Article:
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Ambitious Blondes Karaoke — Variety at Office Tavern, Fort Wayne, 10 p.m., no cover, 478-5827
Beat Karaoke & DJ — Variety at American Legion Post 296, Fort Wayne, 8 p.m. , no cover, 456-2988
Bucca Karaoke w/Bucca — Variety at Tower Bar & Grill, Fort Wayne, 10 p.m., no cover, 436-6310
Classic City Karaoke w/Bryan Lee — Karaoke at Corner Pocket Tavern, Fremont, 10 p.m., no cover, 495-9255
Classic City Karaoke w/Tobin — Karaoke at Toad's Tavern, Monroeville, 10 p.m., no cover, 623-6226
DJ Shawn — Karaoke/variety at Club Paradise, Angola, 10 p.m., no cover, 833-7082
Fort Wayne Karaoke — Karaoke at Latch String Bar & Grill, Fort Wayne, 10:30 p.m., no cover, 483-5526
Fort Wayne Karaoke w/Brian — Variety at AJ's Bar and Grill, Fort Wayne, 9 p.m., , 434-1980
Fort Wayne Karaoke w/Josh — Variety at Arena Bar & Grill, Fort Wayne, 10 p.m., no cover, 557-1563
Fort Wayne Karaoke w/TJ — Variety at Chevvy's, Fort Wayne, 10 p.m., no cover, 436-4748
House DJ — Variety at Early Bird's Ultra Lounge, Fort Wayne, 9 p.m., cover, 483-1979
House DJ — Variety at Flashback on the Landing, Fort Wayne, 9 p.m., cover, 422-5292
Karaoke — Variety at Crooner's Karaoke Bar, Fort Wayne, 10 p.m.-3 a.m., no cover, 486-1979
Live DJ — Variety at Wrigley Field Bar & Grill, Fort Wayne, 10 p.m., no cover, 485-1038
Shooting Star Prod. w/Barbie — Variety at Uncle Lou's Steel Mill, Fort Wayne, 10 p.m., no cover, 436-5787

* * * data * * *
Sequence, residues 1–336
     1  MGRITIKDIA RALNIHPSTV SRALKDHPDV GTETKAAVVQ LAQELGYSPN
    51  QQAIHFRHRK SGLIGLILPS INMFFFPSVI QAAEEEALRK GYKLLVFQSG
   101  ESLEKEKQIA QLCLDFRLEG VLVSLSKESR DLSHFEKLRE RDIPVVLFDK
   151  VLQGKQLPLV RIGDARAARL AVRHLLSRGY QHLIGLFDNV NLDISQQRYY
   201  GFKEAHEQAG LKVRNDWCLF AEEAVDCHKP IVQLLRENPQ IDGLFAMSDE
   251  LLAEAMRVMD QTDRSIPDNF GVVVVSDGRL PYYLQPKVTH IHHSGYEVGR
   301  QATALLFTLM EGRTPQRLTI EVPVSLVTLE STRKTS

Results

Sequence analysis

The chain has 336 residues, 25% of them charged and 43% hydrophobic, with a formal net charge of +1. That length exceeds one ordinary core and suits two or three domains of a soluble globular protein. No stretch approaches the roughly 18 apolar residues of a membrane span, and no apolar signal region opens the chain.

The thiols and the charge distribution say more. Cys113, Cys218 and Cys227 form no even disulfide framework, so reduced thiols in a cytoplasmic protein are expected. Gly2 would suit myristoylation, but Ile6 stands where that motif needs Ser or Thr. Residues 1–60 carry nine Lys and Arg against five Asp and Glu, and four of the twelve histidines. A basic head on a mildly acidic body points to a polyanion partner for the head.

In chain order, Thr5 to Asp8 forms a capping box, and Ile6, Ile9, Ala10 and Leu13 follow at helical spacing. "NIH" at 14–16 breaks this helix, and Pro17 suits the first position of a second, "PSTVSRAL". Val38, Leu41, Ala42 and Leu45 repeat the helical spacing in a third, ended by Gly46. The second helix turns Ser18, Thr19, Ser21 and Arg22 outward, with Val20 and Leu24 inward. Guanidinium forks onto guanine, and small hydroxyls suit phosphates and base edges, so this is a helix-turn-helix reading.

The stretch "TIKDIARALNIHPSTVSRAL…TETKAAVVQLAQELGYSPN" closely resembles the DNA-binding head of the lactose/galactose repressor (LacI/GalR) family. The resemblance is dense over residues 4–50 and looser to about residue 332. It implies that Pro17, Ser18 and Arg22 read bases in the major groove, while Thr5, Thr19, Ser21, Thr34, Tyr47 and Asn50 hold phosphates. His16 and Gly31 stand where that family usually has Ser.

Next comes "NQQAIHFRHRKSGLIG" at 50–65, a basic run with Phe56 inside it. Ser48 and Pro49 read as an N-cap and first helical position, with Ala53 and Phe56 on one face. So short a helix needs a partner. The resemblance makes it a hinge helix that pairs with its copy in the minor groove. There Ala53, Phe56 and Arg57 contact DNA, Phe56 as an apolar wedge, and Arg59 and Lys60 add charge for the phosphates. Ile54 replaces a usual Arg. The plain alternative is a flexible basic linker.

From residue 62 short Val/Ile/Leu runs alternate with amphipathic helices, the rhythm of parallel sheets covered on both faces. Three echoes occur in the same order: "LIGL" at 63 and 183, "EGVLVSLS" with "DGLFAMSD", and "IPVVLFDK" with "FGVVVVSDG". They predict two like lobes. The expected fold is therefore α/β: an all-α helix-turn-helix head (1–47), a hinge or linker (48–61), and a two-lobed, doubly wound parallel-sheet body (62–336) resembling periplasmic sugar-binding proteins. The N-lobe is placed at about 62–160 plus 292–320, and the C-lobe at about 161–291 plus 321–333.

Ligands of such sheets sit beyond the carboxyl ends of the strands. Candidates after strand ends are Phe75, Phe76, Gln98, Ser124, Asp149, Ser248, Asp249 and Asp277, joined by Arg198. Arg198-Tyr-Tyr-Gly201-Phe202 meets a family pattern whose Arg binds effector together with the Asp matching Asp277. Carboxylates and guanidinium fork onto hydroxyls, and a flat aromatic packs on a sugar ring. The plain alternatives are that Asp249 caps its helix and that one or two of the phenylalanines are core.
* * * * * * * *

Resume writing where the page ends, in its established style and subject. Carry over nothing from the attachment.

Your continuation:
Shooting Star Prod. w/Stu — Variety at Pike's Pub, Fort Wayne, 10 p.m., no cover, 478-6200
Sidecar Gary's Karaoke & DJ — Karaoke at Kville Pub, Kendallville, 9 p.m.-1 a.m., no cover, 348-1677
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The Children’s Hour — Lillian Hellman’s seminal drama about bigotry perpetuated against the LGBT community and how easily a lie can spread, 7:30 p.m. Saturday, March 25, First Presbyterian Theater, Fort Wayne, $12-$20, 426-7421 ext. 121
Getting Sara Married — Comedy about an unmarried lawyer in need of a husband (according to her aunt), 7 p.m. dinner, 8 p.m. curtain, Saturday, March 25, Arena Dinner Theatre, Fort Wayne, $40 (includes dinner & show), 424-5622
One Foot in the Gravy — Howard Kingkade’s comedy and winner of Fort Wayne Civic Theatre’s Northeast Indiana Playwright Festival, 8 p.m. Saturday, March 25; 2 p.m. Sunday, March 26, Arts United Center, Fort Wayne, $10-$20, 422-4226
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22nd Annual Valentine’s Invitational — Works from local and national artists, Tuesday-Saturday and by appointment thru March 31, Castle Gallery Fine Art, Fort Wayne, 426-6568
2017 Scholastic Art & Writing Awards — Award-winning works from northern Indiana and northwest Ohio middle and high school students, Tuesday-Sunday thru April 9, Fort Wayne Museum of Art, $5-$7 (members, free), 422-6467
Afros: A Celebration of African Hair by Michael July — Contemporary photography exhibit by Brooklyn author/photographer, daily thru April 14, D’Agostino Art Gallery, Indiana Tech, Fort Wayne, 399-8626
An Artful Spring — Works by Gwen Gutwein, Patricia Weiss, Austin Cartwright and more, Tuesday-Saturday thru March 31, Crestwoods Frame Shop & Gallery, Roanoke, 672-2080
Decatur Sculpture Tour — 31 original sculptures and 15 permanent exhibits on display, walking tour maps available, thru April 1, Decatur, free, 724-2605